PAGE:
Though details aren’t final, it looks like Canad Inns Stadium, the former home to International League and Northern League baseball in Winnipeg, will be torn down to make way for a Target store.
Mayor Sam Katz — who, by the way, owns the Winnipeg Goldeyes (independent; American Association) and brought an independent Northern League team to Canad Inns Stadium in the first place — is set to announce the sale of the stadium site to a property-management company Cadillac Fairview and Winnipeg-based land developer Shindico. After that, a mixed-use development is slated for the site, best known as the home of the CFL’s Winnipeg Blue Bombers, with a Target store tentatively slated as the anchor target.
Once the demolition of Canad Inns Stadium starts — sometime after the current Blue Bombers season ends October 13 and the team makes the move to a new stadium on the University of Manitoba campus — it will mark the end of a sporting era in Winnipeg. Canad Inns Stadium and Winnipeg Arena were the center of sports in the city, with the stadium hosting pro baseball and football and the arena hosting WHA hockey in its glory days. Now both the NHL and the current Goldeyes team play in downtown facilities. As a baseball venue, Canad Inns Stadium — the former Winnipeg Stadium — was always lacking, with a diamond awkwardly placed on a CFL playing field and a grandstand installed in the northwest corner of the stadium, meaning bases were laid out north-to-south and east-to-west during the last time a ball team took up residency there.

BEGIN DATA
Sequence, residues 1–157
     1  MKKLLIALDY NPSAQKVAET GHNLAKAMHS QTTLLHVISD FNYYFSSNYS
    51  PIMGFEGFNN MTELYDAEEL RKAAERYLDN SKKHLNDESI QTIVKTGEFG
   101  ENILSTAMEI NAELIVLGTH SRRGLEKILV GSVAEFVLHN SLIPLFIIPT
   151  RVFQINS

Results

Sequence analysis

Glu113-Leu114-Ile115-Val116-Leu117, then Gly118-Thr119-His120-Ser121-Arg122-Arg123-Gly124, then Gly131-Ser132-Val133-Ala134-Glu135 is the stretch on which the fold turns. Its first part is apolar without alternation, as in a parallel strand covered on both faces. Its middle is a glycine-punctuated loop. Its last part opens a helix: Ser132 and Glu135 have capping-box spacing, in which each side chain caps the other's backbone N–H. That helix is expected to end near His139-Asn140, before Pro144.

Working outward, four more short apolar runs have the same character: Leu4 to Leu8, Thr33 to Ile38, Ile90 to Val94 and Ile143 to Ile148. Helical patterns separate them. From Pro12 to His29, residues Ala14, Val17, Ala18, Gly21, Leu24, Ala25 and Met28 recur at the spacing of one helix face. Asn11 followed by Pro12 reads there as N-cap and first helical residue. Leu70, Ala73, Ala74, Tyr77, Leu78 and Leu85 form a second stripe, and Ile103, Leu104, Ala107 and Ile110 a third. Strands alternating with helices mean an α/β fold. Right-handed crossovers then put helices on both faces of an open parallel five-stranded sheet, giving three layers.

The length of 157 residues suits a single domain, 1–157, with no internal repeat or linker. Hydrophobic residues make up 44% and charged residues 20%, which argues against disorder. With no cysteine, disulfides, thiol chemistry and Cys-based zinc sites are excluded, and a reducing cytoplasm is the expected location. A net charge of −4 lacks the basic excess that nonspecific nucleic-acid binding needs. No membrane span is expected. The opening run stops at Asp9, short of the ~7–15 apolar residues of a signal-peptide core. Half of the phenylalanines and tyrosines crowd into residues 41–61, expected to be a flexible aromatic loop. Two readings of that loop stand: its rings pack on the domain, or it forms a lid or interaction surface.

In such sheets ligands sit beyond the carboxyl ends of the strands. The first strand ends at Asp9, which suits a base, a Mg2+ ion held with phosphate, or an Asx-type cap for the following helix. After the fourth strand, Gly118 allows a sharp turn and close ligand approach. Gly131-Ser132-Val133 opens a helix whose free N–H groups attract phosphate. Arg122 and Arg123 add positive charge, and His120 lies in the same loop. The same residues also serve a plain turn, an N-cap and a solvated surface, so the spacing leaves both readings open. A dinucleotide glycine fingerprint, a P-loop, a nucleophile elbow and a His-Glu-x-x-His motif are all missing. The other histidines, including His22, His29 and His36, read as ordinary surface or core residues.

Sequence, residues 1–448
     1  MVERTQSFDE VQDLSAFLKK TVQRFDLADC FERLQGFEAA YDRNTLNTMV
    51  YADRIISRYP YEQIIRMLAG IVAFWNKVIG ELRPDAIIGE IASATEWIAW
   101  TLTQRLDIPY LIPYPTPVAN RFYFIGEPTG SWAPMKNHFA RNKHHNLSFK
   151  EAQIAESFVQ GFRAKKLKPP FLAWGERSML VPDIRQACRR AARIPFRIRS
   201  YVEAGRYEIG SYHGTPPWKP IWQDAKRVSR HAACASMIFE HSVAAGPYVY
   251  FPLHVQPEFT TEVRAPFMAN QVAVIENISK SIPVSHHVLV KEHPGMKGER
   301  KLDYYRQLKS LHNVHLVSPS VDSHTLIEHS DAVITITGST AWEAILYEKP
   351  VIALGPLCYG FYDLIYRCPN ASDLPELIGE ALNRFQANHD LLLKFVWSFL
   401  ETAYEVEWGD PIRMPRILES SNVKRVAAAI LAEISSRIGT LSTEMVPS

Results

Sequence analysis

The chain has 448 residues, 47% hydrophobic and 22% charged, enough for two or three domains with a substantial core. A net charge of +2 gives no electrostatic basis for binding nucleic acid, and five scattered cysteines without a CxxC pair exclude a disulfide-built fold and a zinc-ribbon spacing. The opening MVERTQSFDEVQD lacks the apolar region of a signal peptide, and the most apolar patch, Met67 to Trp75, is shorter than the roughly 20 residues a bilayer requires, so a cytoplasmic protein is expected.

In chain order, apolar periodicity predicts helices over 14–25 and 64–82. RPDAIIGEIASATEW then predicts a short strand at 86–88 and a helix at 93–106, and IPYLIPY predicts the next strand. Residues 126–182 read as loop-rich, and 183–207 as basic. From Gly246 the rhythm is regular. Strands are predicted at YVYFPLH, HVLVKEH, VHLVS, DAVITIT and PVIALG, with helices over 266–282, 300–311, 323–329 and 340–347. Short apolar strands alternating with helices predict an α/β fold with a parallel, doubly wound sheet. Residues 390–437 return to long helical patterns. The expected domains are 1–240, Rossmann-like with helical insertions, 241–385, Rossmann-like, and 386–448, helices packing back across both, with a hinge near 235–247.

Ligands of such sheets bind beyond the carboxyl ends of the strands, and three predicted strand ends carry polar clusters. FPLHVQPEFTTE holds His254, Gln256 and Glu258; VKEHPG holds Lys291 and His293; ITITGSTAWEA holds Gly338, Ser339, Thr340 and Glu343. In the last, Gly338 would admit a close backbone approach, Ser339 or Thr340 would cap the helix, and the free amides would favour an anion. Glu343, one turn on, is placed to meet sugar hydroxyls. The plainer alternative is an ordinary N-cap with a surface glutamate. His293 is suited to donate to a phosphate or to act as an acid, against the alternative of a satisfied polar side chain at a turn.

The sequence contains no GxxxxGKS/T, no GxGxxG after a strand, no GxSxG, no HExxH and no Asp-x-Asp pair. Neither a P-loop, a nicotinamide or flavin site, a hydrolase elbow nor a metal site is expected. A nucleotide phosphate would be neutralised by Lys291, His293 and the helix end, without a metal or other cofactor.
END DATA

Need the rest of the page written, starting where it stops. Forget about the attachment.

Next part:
Still, baseball was envisioned as being a big part of the Winnipeg Stadium offerings from the very beginning. It opened in 1953 and was built originally for use for CFL football and minor-league baseball: the affiliated Winnipeg Goldeyes of the original Northern League played there in 1953-1964. The original stadium configuration was slightly different then, with the grandstand located at the southwest corner (it was later torn down for Blue Bombers clubhouses). After the Northern League moved out of the market, Winnipeg officials worked to bring in another affiliated team when the Buffalo Bisons (Class AAA; International League) fled War Memorial Stadium under some nasty circumstances in June 1970 and took up refuge in Winnipeg for the rest of the 1970 season and the entire 1971 season. The Whips were actually a success at the box office but not overall financially; high travel costs (the closest IL team was Toledo) doomed the franchise. The Whips moved to Virginia and became the Peninsula Whips.
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